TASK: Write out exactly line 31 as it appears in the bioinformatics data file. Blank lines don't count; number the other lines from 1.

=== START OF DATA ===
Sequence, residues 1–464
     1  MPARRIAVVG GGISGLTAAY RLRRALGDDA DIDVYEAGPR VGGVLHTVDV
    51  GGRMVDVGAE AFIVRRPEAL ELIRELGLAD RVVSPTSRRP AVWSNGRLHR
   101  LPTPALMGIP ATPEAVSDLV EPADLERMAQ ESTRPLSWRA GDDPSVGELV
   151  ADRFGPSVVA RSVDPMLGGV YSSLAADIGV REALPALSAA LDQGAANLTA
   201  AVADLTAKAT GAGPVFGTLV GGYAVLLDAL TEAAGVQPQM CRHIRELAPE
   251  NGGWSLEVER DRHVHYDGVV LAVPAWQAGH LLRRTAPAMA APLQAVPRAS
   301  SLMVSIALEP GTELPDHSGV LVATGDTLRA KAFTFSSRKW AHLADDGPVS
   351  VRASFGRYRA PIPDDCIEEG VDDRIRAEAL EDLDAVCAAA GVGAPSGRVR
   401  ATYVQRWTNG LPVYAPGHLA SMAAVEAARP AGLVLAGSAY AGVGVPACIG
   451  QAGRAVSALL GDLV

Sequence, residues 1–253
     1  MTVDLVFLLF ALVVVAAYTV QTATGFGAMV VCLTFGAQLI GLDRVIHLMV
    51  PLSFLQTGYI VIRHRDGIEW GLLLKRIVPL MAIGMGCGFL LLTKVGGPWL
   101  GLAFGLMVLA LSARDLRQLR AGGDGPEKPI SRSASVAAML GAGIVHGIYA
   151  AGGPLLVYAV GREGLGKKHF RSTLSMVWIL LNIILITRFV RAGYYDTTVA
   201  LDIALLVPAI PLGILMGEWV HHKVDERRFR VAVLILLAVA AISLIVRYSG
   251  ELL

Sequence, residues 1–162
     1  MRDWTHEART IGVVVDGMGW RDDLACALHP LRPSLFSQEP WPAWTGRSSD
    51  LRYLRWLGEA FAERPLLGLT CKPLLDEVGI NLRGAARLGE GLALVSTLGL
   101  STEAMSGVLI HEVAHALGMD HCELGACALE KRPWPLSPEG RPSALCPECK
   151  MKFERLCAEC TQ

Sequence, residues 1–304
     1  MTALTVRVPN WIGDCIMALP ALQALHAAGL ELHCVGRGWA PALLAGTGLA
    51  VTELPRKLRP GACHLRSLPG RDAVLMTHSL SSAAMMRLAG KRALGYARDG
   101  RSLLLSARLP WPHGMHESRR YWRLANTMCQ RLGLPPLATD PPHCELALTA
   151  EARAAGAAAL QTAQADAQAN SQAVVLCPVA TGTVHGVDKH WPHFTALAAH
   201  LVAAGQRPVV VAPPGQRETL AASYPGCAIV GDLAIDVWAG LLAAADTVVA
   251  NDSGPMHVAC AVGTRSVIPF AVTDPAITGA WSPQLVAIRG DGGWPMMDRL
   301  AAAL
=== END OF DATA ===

   301  AAAL